I thought I’d have a little fun today. So many serious things to contend with. I decided to whip up a little recipe for laughter. Is there anything funnier than life?
All of us have experienced the devastation (sometimes joy) of a friend’s divorce. We’ve watched with vicarious amazement as demonstrative, profound, undying love suddenly transforms into the hissing, vituperative viper, of disdain and hatred. People are mutable, particularly within the emotional realm of who did what and to whom. They say, “know thy enemies”, but I contend it is far better to “choose thy partners well”. For many people the happiest day of life is not when they got married, but when their divorce was final. Battle-scarred they emerge from the divorce arena wary, but wiser (one hopes). Only time and distance can blur the lines that were drawn in the sand when two titans clash.
One of my friends several years back lived through her personal slice-of-Hell divorce that left her financially comfortable and free as a newborn Monarch butterfly of its cocoon. She embraced her new-found identity swearing never to dip even a painted toenail in the unchartered waters of a new relationship. Even dating was taboo as she had become the world’s biggest proponent since Greta Garbo of “I vant to be alone.” I listened to her propound in rhapsodic flights of fancy the sanctity of inner peace and the contentment of “no strings attached”. Naturally, after many months of self-imposed isolation and endless lunches with “the girls” the thrill, as they say, wore off. Standing at the kitchen counter in pajamas devouring leftover lasagna and brain deadened by the inane reality show The Real Housewives of Beverly Hills (she would have been better off watching First Blood), was perhaps not the surest path to nirvana. The revelation that heaven was not to be found at the bottom of a burnt lasagna pan, or that Forest Gump’s cliché “life is (definitely not) a box of chocolates” was for her an earthshaking moment of truth. What to do? What to do?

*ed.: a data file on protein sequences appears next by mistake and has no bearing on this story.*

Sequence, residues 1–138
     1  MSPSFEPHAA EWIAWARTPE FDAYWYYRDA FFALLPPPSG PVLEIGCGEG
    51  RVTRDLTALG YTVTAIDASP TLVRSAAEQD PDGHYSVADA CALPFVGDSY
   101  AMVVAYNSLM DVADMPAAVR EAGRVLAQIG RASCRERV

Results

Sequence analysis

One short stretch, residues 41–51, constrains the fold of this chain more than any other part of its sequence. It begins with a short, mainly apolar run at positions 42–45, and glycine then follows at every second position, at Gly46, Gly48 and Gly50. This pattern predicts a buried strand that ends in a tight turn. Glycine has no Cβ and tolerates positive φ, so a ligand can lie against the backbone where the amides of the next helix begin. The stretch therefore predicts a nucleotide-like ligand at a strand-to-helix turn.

So, let the fun begin… my femme fatale friend was off and running. Naturally, being an avid listener and never one to lack an opinion, I became the joyful recipient of the tales of courtship that did or mostly didn’t ensue. First, there were the “ghosts of boyfriend’s past”. What a mistake that was, like trying to resurrect the dead, or fending off mad, hungry, I got you now, Zombies. Some things are better left in the hazy mists of memory, youth, and drink, rather than exposed to the harsh realities of cognizance and the elevated intolerance levels of an emancipated divorcee.
Next came the blind first date with a lawyer, recovering alcoholic, and self-congratulating member of AA, who confessed to being overcome with “love at first sight” feelings, fell off the wagon at their first dinner and got tanked. With fervent ardor, he repeatedly proposed marriage in such an assertive loud voice that half of a restaurant was perched on the edges of their seats eavesdropping as my friend slunk ever lower in her seat. All of us have experienced that particular wish at some point in our lives, she was wishing she was capable of dematerialization. In other words, “Quick, Scotty, beam me out of here!”